Jack Wilshere's comment that only English people should play for England was "unhelpful and misguided", says the chairman of the Football Association's race equality advisory group.
Yunus Lunat says Wilshere needs to clarify his views on the issue.
Wilshere spoke out after England boss Roy Hodgson said he was monitoring Belgium-born midfielder Adnan Januzaj.
"Wilshere is entitled to his opinion but needs to be clear in his definition of 'English' players," said Lunat.
The 21-year-old Wilshere, who has 10 England caps, said his comments were not in reference to Manchester United's Januzaj, who could qualify for England in the future by residency.
"If you live in England for five years, it doesn't make you English," said the Arsenal midfielder.
"We have to remember what we are. We are English. We tackle hard, are tough on the pitch and are hard to beat."
Attempting to clarify his original remarks, he later tweeted: "To be clear, never said 'born in England' - I said English people should play for England.
"My view on football - going to a new country when you're an adult, and because you can get a passport you play for that national team - I disagree."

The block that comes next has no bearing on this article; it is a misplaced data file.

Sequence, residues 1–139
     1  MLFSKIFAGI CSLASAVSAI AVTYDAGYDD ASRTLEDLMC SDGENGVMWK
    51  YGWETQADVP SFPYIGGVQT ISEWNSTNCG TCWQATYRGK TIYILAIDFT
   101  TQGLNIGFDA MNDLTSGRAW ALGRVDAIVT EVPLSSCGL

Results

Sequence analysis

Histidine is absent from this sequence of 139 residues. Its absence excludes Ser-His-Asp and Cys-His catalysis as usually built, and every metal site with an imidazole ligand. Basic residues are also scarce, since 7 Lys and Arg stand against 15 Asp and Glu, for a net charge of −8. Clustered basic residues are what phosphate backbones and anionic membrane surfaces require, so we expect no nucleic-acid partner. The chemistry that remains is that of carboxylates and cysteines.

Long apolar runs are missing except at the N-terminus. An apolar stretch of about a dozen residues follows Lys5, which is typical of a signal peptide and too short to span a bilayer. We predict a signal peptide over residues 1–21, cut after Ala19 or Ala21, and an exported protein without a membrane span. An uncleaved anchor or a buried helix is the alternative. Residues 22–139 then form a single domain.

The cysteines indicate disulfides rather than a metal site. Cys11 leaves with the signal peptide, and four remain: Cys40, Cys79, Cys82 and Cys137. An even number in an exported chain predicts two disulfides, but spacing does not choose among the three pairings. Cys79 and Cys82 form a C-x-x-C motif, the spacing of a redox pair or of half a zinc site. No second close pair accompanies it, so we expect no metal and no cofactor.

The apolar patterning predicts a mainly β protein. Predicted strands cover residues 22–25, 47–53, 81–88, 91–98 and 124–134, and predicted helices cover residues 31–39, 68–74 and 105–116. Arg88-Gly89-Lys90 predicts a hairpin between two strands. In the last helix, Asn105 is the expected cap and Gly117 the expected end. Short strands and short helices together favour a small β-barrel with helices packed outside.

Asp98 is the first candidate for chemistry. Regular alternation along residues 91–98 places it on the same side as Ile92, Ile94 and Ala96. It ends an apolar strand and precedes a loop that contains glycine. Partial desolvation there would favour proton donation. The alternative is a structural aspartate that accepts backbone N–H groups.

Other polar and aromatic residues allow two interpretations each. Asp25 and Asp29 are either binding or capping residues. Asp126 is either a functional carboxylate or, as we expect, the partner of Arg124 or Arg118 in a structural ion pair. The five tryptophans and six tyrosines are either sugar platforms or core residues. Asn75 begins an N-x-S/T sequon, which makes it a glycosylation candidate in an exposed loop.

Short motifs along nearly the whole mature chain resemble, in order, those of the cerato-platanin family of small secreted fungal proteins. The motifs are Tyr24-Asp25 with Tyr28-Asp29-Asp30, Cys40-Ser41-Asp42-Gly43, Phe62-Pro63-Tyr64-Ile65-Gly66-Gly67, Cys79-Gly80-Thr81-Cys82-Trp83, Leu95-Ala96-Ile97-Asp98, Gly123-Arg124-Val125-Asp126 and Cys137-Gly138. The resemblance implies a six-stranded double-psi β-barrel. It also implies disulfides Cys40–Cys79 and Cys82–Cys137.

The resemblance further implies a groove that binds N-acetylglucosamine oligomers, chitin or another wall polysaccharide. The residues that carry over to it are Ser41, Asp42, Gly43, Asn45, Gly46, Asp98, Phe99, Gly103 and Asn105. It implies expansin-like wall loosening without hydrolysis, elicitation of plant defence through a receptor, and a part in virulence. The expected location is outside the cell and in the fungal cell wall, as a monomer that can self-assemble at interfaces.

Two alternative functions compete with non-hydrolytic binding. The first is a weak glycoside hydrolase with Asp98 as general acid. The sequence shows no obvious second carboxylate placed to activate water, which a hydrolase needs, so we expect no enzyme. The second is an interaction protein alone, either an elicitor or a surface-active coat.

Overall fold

Lunat, who replaced Lord Herman Ouseley in March, told BBC Sport: "He should be given an opportunity to come back and explain what he meant. He has opened up that can of worms.
"The sort of players that are representing our country - and are likely to in the future - are those that have made this country their home, so why should they not represent England?
"He seems to be saying that a lot of these players are not capable - both from a competency point of view and through qualifications - of playing for England. At the moment, it is very unclear and I find it uncomfortable."
Manchester United's Wilfried Zaha, born in the Ivory Coast, and Jamaica-born Liverpool winger Raheem Sterling have both featured for England recently.
The under-21 squad also features Burundi-born striker Saido Berahino, who scored West Brom's winner in a recent Premier League game against Manchester United at Old Trafford.
Lunat, the first Muslim member of the FA council, also expressed concern that Queens Park Rangers manager Harry Redknapp, who was in the running for the England job after Fabio Capello quit, backed Wilshere on the issue.
"I wonder whether Harry Redknapp would have said the same things had he been selected to manage England," said Lunat.
"If those are his honest views, then it calls into question whether he should be manager of the national team because he prefers to apply another criteria to what the rules of the game are."